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News Link • Sexuality: Sex and the Law

When Did Bare Breasts Become Taboo?

•, By Brian Palmer

A French judge ordered the magazine Closer to turn over topless photos of Kate Middleton, Duchess of Cambridge, on Tuesday. Attorneys for the magazine argued unsuccessfully that the photographs were not an invasion of privacy because bare breasts are no longer taboo in Europe. When did bare breasts become taboo in Western civilization?

Probably around 3,000 years ago. Women are displayed with exposed breasts in Minoan artwork from 1500 B.C. Some historians believe that these ancient women went topless only during religious rituals—bare-breasted, buxom goddesses have been worshipped since the dawn of civilization—but some of the artworks depict everyday activities, suggesting that bare breasts may have been commonplace. Just across the Mediterranean, ancient Egyptian women sported elaborate dresses that could either cover the breasts or leave them exposed, depending on the whim of the designer. Over the next few centuries, however, breasts become strictly private parts. Ancient Athenian women were wearing flowing, multilayered robes that concealed the shape of the bosom by the middle of the first millennium B.C. Spartan attire was more risqué, exposing the female thigh, but breasts were always covered.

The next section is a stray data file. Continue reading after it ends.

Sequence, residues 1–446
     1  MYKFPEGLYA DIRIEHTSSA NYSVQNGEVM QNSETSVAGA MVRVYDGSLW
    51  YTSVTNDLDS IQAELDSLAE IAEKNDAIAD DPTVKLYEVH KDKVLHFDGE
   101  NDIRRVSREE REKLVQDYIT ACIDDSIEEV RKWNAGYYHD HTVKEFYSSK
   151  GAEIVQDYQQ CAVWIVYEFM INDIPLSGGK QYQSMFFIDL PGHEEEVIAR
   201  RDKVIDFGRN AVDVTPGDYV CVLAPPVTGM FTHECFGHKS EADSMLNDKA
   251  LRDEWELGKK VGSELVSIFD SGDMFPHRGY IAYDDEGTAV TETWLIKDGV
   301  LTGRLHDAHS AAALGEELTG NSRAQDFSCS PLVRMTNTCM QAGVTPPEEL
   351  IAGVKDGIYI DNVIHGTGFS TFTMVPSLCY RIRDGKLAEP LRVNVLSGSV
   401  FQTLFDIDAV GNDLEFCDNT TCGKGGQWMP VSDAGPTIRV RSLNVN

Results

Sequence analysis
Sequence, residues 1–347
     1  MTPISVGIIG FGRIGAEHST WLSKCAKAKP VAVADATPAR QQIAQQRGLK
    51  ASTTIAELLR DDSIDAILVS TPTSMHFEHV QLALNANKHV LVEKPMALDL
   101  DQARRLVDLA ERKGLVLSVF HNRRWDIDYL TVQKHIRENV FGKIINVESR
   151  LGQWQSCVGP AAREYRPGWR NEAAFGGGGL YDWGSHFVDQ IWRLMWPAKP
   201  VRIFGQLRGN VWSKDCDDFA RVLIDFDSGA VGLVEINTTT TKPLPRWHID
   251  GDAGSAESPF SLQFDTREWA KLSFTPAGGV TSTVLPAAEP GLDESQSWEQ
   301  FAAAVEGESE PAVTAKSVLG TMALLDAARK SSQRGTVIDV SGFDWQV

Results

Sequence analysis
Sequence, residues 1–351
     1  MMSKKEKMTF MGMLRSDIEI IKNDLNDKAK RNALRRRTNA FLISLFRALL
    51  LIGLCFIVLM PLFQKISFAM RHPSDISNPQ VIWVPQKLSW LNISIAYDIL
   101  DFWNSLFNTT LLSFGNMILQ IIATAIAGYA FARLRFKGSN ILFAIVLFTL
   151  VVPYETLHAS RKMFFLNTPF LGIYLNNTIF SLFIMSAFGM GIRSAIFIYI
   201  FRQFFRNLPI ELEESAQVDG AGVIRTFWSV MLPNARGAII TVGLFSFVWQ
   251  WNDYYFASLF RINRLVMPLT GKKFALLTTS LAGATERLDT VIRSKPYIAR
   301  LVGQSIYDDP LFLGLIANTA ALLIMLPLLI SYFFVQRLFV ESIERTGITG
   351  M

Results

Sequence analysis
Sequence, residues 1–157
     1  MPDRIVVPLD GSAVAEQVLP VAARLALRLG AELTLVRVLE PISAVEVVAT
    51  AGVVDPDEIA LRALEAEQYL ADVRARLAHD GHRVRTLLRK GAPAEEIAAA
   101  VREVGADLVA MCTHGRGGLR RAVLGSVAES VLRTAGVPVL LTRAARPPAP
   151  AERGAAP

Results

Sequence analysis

1 Comments in Response to

Comment by Nathan Barton
Entered on:

No, bare breasts have been common in Europe several times during  

the last 500 years, including the Restoration Period (Charles II) and one of the French monarchs: Louis XIII I think. Although modern drama hides that fact in movies and plays, it is well documented among the upper classes, and the equivalent of today's avid readers of People and Us no doubt aped the celebrities of the day.

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